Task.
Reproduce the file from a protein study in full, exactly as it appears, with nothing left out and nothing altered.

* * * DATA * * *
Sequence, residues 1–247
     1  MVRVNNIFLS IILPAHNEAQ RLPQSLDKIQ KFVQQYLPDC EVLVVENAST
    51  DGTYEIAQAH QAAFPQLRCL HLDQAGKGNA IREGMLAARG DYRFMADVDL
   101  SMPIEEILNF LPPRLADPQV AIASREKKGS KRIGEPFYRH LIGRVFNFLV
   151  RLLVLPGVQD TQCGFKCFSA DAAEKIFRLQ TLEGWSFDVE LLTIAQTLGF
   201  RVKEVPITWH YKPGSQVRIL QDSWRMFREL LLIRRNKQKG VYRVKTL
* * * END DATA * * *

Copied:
Sequence, residues 1–247
     1  MVRVNNIFLS IILPAHNEAQ RLPQSLDKIQ KFVQQYLPDC EVLVVENAST
    51  DGTYEIAQAH QAAFPQLRCL HLDQAGKGNA IREGMLAARG DYRFMADVDL
   101  SMPIEEILNF LPPRLADPQV AIASREKKGS KRIGEPFYRH LIGRVFNFLV
   151  RLLVLPGVQD TQCGFKCFSA DAAEKIFRLQ TLEGWSFDVE LLTIAQTLGF
   201  RVKEVPITWH YKPGSQVRIL QDSWRMFREL LLIRRNKQKG VYRVKTL